By Clara Machado
Instituto Juruá’s researchers visited more than 100 communities along Juruá River’s two thousand kilometers so they could answer a question. Where do people live better: inside or outside protected areas? The study, led by João Campos-Silva, analysed the main services that exist in rural communities (such as electricity, sanitation, and access to means of communication), the level of community empowerment, and the habitants’ personal desire of leaving the rural area to live in urban centers. The results of the study titled “Sustainable-use protected areas catalyze enhanced livelihoods in rural Amazonia” were published in the journal “Proceedings of the National Academy of Sciences of the United States of America” (PNAS).
In Mid-Juruá, where communities located in protected areas, such as Reserva Extrativista do Médio Juruá and Reserva de Desenvolvimento Sustentável Uacari, are organized and participate in well-succeeded communal conservation arrangements, the results are clear as day. Rural communities in protected areas have greater access to services such as digital communication, basic education, electricity, presence of local commerce, and boats for transportation and products commercialization.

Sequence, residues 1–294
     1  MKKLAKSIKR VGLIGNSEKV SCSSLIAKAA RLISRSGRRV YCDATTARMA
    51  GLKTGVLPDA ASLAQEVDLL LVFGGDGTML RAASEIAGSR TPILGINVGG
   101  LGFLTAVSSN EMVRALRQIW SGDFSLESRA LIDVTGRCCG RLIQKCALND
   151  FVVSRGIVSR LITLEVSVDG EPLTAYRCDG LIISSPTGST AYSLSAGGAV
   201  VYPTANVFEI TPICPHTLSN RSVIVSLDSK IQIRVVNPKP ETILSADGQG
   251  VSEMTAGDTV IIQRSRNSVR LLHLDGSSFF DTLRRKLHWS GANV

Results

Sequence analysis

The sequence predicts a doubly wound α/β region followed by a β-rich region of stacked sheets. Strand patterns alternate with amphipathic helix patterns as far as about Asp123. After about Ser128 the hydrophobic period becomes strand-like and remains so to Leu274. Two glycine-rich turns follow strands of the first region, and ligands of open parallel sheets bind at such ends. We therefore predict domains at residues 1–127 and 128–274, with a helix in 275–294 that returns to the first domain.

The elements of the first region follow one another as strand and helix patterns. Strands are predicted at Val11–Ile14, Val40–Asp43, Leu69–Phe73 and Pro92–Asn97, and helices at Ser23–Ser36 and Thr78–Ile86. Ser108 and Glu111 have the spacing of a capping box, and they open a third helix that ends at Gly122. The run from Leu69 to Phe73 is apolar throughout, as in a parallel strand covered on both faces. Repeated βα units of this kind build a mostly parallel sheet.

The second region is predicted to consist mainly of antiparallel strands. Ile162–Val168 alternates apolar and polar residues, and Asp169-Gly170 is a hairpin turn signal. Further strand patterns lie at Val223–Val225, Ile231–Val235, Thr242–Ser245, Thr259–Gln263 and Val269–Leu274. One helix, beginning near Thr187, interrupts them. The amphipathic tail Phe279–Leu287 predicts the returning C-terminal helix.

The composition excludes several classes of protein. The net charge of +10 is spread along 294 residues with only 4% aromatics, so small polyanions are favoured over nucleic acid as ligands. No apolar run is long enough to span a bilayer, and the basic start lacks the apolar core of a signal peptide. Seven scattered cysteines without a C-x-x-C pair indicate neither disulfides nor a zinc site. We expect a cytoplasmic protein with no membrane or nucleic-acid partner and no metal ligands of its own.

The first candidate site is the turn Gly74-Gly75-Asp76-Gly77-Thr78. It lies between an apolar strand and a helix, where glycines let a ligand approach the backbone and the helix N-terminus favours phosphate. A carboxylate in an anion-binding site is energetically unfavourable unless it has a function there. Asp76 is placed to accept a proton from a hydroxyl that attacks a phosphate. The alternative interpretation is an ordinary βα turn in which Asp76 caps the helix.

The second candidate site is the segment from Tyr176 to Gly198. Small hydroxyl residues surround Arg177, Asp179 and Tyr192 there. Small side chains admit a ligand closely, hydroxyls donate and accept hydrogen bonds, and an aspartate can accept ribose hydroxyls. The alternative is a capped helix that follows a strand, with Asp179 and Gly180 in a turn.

While communities located outside of protected areas practice a subsistence economy, communities inside of those areas also develop a supply chain of natural resources, as it is the case of the arapaima handling and the commercialization of vegetable oils, besides having a greater family income.
Protected areas appear to be a relevant factor for the permanence of families in rural areas. As 58% of adults who were interviewed outside of protected areas reported having a desire to migrate to urban centers, only 5% of habitants of protected areas demonstrated having the same interest.
Unfortunately, many communities outside of conservation areas still experience coercion from local and powerful elites, the heirs of the Rubber Barons from the 19th Century, who limit the usage of natural resources to the communities since they believe it’s them the rightful owners of those lands. Even though sustainable usage in protected areas are not an indispensable condition for the social and ecological well-being of Amazon, and besides having their our contradictions, those areas facilitate the development of conservational activities, as it is the well-succeeded case of the arapaima handling, that creates revenue and better life conditions for communities while also preserving and recovering species that are fundamental to the forest’s ecosystem.
Protected areas are important for biodiversity preservation and for Amazon’s socioeconomic development. But protected areas shouldn’t be treated as isolated islands, as this inevitably leads to conflicts. The study’s authors suggest seeing protected areas as laboratories, where models of sustainable management of natural resources are tested and empowered in order to, later, extrapolate their own frontiers, expanding those models to regions that aren’t contemplated with conservation areas.